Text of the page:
Beyond Chicken Soup: Writing With a Jewish Flavor

During her extensive media career, Helen Zegerman Schwimmer has written about everything from Buicks to babaganoosh. She began as a copywriter creating newspaper, radio and television commercials for a variety of clients.

She then went on to write and produce several documentaries including the autobiographical Miracle on Seabreeze Avenue for which she received the Women’s History Month Video Award. Her Jewish cooking video, A Taste of Shabbos, has been acclaimed worldwide for its contribution to promoting Jewish culture. Helen's first book, Like The Stars of The Heavens, is an anthology of her popular columns originally published in The Jewish Press.

Helen weaves together personal vignettes about her her family with inspiring stories about luminaries in the fields of medicine, the arts, education, law, religion and the media in her critically acclaimed new book, The Wedding Gown That Made History and Other Stories.

Inspired by the Shabbos Meal she first experienced in the home of her husband’s patients, Rabbi Zushe and Rebbetzin Esther Winner, Helen teamed up with Esther to create A Taste Of Shabbos, a sixty-minute video that demonstrates how to prepare and serve a Shabbos dinner. But along with the fifteen recipes which include a six-braided challah, baked salmon a la Seabreeze and a chocolate cornucopia filled with rugelach, Esther, also explains the traditions that are so meaningful to the entire Shabbos experience. Garnering rave reviews from Scotland to Singapore and from Alaska to Australia, Esther and Helen appeared on several television and radio shows.

The popularity of Helen and Esther’s video gave birth to a motivational seminar, Life Is Like A Block Of Chocolate, which took the dynamic duo on the road and brought them into the homes and synagogues of women who represented the diversity of contemporary Jewish life. As they traveled from Maine to Florida and from New Jersey to California they heard from a new generation of women who were eager to reconnect with their roots.

When word of Esther's expertise reached England, British Television, in collaboration with PBS, asked her to host a program on Jewish cuisine as part of their multicultural series, The United Tastes of America. Helen joined the project as the story editor and food stylist.

“As I watched Esther prepare the meal and then light the Shabbos candles, I imagined her taking tiny sparks of Yiddishkeit and fanning them into raging bonfires in millions of homes across America and Europe just as she did one Shabbos night when she reached out to me.”

Professionally, Helen found herself in the kitchen once again when she collaborated with master chef, Levana Kirschenbaum, to establish the first gourmet Jewish cooking school in New York, Levana’s Place at Lincoln Square Synagogue. Helen describes Levana as “An innovative chef who has had an ongoing romance with food. Born and raised in Morocco where she apprenticed at her mother's side, she learned to create exotic dishes that tantalize the senses.” This passion carried over to her personal life when the escalating violence against the people of Israel compelled Levana to launch the Million-Cookie Project. Her goal was to bake and sell one million cookies to help the victims of terror in Israel. Aided by a phalanx of dedicated volunteers, Levana reached that goal in 2002.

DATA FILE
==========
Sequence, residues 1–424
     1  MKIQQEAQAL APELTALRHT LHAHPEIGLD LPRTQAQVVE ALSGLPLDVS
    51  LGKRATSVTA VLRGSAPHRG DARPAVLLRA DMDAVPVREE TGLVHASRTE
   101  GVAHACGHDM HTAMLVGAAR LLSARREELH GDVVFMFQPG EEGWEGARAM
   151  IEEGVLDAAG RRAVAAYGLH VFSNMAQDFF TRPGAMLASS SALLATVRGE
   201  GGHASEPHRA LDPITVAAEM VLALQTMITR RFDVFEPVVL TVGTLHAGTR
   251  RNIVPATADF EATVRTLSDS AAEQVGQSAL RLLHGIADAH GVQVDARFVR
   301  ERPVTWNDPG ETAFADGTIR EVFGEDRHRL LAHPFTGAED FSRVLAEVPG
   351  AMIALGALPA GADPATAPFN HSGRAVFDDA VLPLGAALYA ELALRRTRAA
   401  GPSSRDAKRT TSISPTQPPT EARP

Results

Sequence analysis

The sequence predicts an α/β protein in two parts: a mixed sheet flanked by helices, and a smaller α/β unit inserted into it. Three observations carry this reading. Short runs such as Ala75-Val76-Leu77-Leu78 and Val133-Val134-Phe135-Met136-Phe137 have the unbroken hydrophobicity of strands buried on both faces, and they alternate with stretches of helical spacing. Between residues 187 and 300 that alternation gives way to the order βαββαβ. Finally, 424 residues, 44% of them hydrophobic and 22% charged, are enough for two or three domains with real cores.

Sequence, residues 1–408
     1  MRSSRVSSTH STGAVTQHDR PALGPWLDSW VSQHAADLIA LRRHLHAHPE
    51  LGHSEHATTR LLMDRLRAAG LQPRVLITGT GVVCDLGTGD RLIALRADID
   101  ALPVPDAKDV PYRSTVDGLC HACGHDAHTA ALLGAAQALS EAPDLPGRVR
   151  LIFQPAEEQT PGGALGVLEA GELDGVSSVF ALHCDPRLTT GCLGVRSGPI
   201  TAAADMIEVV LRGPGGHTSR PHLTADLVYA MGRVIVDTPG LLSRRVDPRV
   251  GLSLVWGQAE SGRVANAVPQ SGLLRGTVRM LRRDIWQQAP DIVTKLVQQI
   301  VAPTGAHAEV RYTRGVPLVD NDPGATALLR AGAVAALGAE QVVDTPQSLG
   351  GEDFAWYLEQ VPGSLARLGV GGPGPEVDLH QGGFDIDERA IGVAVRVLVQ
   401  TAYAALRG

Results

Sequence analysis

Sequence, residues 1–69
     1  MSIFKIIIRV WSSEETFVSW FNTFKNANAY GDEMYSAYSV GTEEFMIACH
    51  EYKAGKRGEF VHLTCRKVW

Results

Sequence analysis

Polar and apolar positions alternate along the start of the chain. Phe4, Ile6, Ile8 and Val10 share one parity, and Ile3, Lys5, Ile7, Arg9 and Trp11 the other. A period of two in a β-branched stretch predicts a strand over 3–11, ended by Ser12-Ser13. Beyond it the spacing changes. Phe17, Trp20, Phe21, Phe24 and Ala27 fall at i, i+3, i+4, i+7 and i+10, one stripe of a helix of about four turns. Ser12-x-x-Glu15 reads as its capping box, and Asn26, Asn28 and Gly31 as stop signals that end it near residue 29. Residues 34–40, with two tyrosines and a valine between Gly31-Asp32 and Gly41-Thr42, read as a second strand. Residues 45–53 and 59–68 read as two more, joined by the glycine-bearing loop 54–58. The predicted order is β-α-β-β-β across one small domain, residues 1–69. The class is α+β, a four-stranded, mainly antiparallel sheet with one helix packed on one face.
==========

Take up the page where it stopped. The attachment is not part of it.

Helen’s life took a turn in a new direction when she returned from a solidarity mission to Israel and received a call from Molly Resnick, a veteran journalist with NBC, who is the founder and director of MATCKH, Mothers Against Teaching Children to Kill and Hate.

MATCKH has developed educational programs to inform the public and lobby officials to oppose groups teaching bigotry, hatred and murder to children. To counter the destructive effects of this type of curriculum, MATCKH mobilized children across the country to get involved with the “Kids For Peace” quilt project. By writing letters to Arab children, which were to be gathered together to form a giant good-will message, children would become the messengers of peace.

Helen joined MATCKH and she and Molly Resnick wrote and produced Creating Peace One Quilt At A Time. The documentary was endorsed by the Greater New York Board of Jewish Education who mailed copies of the video to all of its member schools with instructions for each school to create its own peace quilt.

Helen received her B.A. in English from Brooklyn College and has attended the New School and Parsons School of Design.


  • Women’s History Month Video Award (1997) “Miracle on Seabreeze Avenue”
  • Woman of the Year Award (2001) Project Neshama
  • Community Service Award (2002) Yeshiva of Manhattan Beach
  • Breaking The Silence Award (2002) Rachel’s Children Reclamation Foundation

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